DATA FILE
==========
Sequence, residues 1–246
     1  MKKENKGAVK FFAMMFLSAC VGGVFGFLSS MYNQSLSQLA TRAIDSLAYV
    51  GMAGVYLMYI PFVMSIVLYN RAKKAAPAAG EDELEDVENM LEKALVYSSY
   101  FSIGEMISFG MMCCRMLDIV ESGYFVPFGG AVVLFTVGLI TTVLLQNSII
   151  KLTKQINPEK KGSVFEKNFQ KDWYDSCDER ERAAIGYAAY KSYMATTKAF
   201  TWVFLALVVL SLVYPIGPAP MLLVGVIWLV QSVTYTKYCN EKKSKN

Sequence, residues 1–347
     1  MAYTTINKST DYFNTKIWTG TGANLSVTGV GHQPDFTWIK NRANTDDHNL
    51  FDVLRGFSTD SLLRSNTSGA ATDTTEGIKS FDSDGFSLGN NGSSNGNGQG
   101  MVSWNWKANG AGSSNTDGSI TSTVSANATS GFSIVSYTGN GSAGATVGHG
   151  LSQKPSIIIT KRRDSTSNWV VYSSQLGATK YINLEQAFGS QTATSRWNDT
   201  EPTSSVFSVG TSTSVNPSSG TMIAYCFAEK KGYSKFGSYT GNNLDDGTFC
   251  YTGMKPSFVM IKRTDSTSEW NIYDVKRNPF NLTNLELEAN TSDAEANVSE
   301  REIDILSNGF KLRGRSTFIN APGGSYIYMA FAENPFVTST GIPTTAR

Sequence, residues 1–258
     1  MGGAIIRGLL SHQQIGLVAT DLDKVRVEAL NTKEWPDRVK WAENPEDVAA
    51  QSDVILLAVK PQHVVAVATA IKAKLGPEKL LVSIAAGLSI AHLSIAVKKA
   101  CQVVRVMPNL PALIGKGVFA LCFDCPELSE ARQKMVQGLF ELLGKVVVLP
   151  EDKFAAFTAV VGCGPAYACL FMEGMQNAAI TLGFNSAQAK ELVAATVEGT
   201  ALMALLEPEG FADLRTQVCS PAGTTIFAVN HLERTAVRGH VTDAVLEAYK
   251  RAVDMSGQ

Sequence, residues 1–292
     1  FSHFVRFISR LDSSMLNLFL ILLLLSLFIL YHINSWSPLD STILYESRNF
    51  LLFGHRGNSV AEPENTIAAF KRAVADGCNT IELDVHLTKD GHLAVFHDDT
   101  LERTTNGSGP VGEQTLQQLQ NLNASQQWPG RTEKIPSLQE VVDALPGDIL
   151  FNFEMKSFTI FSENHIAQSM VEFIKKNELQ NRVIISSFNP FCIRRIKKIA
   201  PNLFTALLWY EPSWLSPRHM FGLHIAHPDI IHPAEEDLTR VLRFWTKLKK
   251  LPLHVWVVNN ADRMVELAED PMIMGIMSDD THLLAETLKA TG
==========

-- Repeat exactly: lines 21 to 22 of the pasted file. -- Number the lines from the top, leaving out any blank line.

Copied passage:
   251  RAVDMSGQ

Sequence, residues 1–292